2013 Infiniti EX37 Journey AWD Review: Driving Impressions
We are now at the part of the review where it is revealed that the sacrifices that the 2013 Infiniti EX37 asks buyers to make from a practicality standpoint are well worth it thanks to the exceptional driving experience offered by the crossover. The EX's FM platform, which has pulled duty in a long list of sporty Nissan products including the 370Z, is an inspired choice for a small SUV that handles far more like a sedan than it really ought to. The crossover's seven-speed automatic transmission turned in a commendable performance even when not set to sport mode, and the suspension was quite comfortable in addition to being responsive to every flick of the steering wheel.
Infiniti's ATTESA all-wheel drive system, or Intelligent All-Wheel Drive as it is often advertised, has been tuned to preserve the EX37's rear-wheel drive dynamics without impeding its ability to offer extra grip during low-traction situations. While driving in regular conditions on a dry road, 100 percent of engine torque is sent to the rear wheels (except when pulling off the line, when a slight bit of power is diverted up front). When wheel slip occurs, the system can send power to the front or to either side of the vehicle in order to maintain stability and forward momentum.
Taken together, this helps the Infiniti EX37 feel very much like a sports sedan from behind the wheel, and it also reduces fatigue on longer highway trips as steering and straight-line stability are enhanced by its rear-wheel drive bias. Better yet, by disabling stability control it is possible to engage in heroic four-wheel drifts through a snowy parking lot and still emerge at the end unscathed, due to the ability to turn-in to a slide as a rear-wheel drive vehicle and pull-out as a four-wheel drive one.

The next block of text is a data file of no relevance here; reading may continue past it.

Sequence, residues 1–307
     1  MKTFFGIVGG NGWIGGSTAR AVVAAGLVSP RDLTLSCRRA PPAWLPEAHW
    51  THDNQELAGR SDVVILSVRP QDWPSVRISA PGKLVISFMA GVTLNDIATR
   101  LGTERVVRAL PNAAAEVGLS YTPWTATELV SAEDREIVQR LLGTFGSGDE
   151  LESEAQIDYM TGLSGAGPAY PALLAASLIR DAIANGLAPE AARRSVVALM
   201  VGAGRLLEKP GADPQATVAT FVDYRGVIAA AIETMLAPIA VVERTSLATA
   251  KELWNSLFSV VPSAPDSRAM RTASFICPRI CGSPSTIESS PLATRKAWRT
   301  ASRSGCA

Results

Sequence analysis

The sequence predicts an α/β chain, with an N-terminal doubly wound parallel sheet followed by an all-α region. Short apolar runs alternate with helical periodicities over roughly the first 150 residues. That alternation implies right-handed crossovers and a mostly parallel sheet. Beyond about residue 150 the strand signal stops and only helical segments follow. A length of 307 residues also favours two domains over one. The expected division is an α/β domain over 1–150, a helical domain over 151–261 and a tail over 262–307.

Our time with the EX coincided with a record-setting single-day snowfall in Montreal, which meant that we were suddenly able to test out the crossover's ability to handle seriously deep drifts and uncleared roads. With 24 inches of snow to deal with, and major city thoroughfares a mess of snow banks, we found ourselves frequently engaging the 'Snow' button on the center console in order to lock torque distribution 50/50 between the front and rear axles. This feature, combined with the ride height advantage enjoyed by the EX's SUV-like design, and its excellent set of winter tires, had us bravely maintaining our forward progress through even the fiercest, deepest snow that we encountered. We were very impressed with how the Infiniti comported itself during very challenging conditions that had over half the city paralyzed, and if we had only had a tow strap we would have been able to help out many other drivers who were spinning their way to nowhere.
The snow did have its revenge on our EX tester, however. The spokes of the optional 19-inch rims on the crossover would occasionally become completely packed with snow after we had pulled through a few drifts, and this unbalancing effect translated into serious shaking at higher speeds. We rectified this by parking the SUV inside a heated garage for a couple of hours to melt everything away. The snow also concealed a pothole that cut the side of one of the front tires when we rolled through it unawares, which had us wishing for a bit more sidewall to protect the crossover's rims.